Overall, with increased demand for convenience amenities and concierge services, there comes an increased demand for superior customer service. Today’s renters want to be catered to and know that in their apartment community they will get amenities that make their lives easier and service that makes them stay.


Presented as a public service by:

 

 

First Time Home Buyers: Your Six Month Plan

First Time Home Buyers: Your Six Month Plan

Presented as a public service by Joe Peters of Coldwell Banker

 

First time home buyers who dip their newbie toes in the mortgage waters might soon find out there’s a lot more to know than originally thought. It is a brand new world with lots of new terms, people and businesses and it can be a bit overwhelming at first. Heck, even seasoned buyers can find the mortgage process quite a bit to handle sometimes. But for first timers, knowing ahead of time what to expect and when to expect it will make the process a smooth one.

Here’s what to do financially when you’ve decided to stop renting and start owning.

Month 1:

You’re still sort of in the exploratory phase but you’re still committed on buying your first home. Yet buying a home isn’t something you should do on your own, especially as it relates to financing. Know this, though- most every traditional mortgage company offers the same suite of home loan options. Mortgage lenders spend a lot of time and effort on marketing and loan officers live and die from referrals but both will try and differentiate themselves from everyone else. Typically the primary differences are experience in the industry and stellar customer service.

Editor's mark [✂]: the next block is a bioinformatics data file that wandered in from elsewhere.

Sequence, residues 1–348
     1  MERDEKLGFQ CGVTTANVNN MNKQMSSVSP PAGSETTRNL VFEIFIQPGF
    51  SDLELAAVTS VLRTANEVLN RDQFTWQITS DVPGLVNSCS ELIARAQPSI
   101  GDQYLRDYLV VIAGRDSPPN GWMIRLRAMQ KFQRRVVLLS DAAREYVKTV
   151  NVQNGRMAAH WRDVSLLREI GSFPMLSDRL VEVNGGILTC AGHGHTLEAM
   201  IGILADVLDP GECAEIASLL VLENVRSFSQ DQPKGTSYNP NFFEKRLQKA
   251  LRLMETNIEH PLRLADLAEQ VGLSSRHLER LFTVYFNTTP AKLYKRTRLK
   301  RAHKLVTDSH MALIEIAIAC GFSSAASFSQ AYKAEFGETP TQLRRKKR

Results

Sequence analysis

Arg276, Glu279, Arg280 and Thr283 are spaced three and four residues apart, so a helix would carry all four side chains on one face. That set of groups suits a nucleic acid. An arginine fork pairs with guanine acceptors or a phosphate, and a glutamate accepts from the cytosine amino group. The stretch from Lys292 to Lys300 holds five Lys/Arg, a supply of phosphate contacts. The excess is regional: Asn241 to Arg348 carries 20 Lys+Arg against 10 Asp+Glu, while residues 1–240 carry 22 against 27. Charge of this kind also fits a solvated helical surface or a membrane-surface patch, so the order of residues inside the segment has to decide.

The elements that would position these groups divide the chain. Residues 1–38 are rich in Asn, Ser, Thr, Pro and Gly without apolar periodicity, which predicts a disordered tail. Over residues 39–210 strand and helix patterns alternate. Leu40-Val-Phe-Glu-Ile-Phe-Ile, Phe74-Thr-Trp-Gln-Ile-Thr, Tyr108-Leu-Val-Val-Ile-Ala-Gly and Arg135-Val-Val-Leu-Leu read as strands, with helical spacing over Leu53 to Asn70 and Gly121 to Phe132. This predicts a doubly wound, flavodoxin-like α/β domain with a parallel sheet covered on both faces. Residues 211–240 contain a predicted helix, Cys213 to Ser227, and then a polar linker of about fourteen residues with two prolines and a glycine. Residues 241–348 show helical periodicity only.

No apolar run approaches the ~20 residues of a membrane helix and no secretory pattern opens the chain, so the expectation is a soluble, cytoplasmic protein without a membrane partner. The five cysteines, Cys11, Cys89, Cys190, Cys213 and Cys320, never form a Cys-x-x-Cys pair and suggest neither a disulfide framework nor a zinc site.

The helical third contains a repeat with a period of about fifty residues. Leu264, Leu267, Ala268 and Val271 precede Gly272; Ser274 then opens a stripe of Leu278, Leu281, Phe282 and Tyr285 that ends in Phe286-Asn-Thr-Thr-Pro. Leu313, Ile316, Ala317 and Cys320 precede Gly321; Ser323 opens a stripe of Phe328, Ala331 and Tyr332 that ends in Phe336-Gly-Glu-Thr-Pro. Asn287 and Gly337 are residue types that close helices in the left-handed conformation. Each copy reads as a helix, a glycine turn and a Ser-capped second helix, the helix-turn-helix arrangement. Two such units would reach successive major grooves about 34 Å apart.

Month 2:

Now it’s time to get some referrals for financing. You can get them from your selected real estate agent, friends and family or your financial planner or CPA if you have one. Once you make your choice about where you’re going to get your first mortgage, you’ll then speak with your loan officer over the phone or at the place of business. This is the prequalification stage. After a relatively brief conversation about your income, current debt and employment, the loan officer will research current mortgage rates and provide you with an amount you can comfortably qualify for as well as a list of loans that meet your needs.

Month 3: